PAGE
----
The city has different guidelines for snow removal depending on how much snow or ice has accumulated. When there is light snow — meaning less than four inches — or ice conditions, about 98 miles of major streets are cleared with chemical de-icing agents.

When heavier snowfall of four inches or more occurs, street plowing begins with the city using all salt and plow trucks and available staff.

At that point, all snow removal equipment is staffed on a 24-hour schedule — in 12-hour shifts — until all city-maintained streets are cleared. According to city officials, the goal is to clear all major and residential streets within 24 hours of an average four-inch snowstorm.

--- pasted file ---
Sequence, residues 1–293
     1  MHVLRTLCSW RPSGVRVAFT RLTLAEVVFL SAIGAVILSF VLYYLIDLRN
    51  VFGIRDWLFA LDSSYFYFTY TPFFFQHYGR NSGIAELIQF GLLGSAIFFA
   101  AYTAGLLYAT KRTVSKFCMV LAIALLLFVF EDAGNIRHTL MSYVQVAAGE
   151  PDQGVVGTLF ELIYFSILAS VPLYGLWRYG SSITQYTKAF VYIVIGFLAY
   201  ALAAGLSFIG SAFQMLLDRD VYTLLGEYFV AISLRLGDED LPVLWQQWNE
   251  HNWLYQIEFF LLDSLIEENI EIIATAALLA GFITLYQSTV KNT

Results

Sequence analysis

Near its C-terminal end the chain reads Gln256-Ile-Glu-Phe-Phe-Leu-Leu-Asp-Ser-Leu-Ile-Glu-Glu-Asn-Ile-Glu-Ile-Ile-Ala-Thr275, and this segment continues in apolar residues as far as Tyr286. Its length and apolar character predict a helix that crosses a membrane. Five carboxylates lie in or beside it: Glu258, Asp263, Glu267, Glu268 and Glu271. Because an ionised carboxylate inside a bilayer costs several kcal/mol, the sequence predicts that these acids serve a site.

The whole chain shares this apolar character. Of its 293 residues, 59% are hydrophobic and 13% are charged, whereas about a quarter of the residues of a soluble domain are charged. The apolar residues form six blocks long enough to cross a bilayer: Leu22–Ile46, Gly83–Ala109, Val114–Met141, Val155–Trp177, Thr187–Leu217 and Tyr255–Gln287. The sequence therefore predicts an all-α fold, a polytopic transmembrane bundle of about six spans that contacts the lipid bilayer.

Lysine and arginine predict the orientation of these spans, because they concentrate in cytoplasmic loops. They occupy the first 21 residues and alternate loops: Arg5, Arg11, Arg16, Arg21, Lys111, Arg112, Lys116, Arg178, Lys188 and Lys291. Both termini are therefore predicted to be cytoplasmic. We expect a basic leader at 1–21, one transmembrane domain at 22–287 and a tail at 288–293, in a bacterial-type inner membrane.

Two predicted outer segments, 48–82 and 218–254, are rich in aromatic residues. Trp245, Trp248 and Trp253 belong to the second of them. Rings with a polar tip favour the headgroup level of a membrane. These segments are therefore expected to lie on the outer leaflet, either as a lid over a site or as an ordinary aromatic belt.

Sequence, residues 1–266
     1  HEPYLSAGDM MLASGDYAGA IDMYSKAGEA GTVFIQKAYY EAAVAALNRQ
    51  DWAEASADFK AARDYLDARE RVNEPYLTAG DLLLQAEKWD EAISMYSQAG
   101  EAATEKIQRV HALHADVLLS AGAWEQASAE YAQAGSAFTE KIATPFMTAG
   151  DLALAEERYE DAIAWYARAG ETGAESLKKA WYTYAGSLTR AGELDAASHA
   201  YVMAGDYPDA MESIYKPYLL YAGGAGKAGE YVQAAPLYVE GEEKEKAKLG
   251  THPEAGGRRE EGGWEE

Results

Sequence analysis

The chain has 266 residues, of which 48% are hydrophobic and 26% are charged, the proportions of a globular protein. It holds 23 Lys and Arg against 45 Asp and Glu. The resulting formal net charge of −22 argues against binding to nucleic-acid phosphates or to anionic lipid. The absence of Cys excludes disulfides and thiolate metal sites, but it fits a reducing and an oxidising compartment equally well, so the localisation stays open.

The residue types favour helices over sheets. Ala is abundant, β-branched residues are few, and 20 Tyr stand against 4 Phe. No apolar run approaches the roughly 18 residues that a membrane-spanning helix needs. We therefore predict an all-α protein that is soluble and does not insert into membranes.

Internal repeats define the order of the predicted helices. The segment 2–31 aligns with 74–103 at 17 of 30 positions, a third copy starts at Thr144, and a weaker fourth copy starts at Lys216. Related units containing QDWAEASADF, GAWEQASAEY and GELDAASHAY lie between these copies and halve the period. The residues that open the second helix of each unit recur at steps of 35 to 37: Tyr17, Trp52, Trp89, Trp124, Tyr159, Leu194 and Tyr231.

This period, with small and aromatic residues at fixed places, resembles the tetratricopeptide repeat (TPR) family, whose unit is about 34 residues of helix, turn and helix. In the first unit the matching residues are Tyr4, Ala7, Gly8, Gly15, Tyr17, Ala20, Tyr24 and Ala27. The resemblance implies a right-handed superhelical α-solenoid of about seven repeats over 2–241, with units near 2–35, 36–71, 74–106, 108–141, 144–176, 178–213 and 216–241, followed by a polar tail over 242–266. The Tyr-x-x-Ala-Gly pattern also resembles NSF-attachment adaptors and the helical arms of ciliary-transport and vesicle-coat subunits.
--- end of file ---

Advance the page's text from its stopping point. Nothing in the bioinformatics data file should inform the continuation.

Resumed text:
The city has 197 miles of local residential streets, which are a second priority to major arterial streets during snowstorms.

Pennington said the city uses calibrated spreader controls that regulate the amount of salt being spread. By doing that, he said, the city is able to minimize salt usage and comply with the city policy of using the least amount of salt consistent with traffic safety.

Ryan J. Stanton covers government and politics for Reach him at or 734-623-2529. You also can follow him on Twitter or subscribe to's email newsletters.



Tue, Nov 27, 2012 : 8:39 p.m.